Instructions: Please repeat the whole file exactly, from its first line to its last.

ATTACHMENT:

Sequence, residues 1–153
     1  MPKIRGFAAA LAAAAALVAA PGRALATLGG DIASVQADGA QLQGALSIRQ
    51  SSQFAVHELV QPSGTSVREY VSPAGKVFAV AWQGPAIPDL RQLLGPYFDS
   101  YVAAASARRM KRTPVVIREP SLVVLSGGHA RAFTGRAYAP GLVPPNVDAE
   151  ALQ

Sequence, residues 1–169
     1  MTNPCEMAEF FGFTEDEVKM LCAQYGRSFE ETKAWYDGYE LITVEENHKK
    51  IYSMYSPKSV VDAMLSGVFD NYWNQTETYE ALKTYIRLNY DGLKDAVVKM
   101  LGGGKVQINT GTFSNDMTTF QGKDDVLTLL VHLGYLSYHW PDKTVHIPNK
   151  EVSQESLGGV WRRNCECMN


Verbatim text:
Sequence, residues 1–153
     1  MPKIRGFAAA LAAAAALVAA PGRALATLGG DIASVQADGA QLQGALSIRQ
    51  SSQFAVHELV QPSGTSVREY VSPAGKVFAV AWQGPAIPDL RQLLGPYFDS
   101  YVAAASARRM KRTPVVIREP SLVVLSGGHA RAFTGRAYAP GLVPPNVDAE
   151  ALQ

Sequence, residues 1–169
     1  MTNPCEMAEF FGFTEDEVKM LCAQYGRSFE ETKAWYDGYE LITVEENHKK
    51  IYSMYSPKSV VDAMLSGVFD NYWNQTETYE ALKTYIRLNY DGLKDAVVKM
   101  LGGGKVQINT GTFSNDMTTF QGKDDVLTLL VHLGYLSYHW PDKTVHIPNK
   151  EVSQESLGGV WRRNCECMN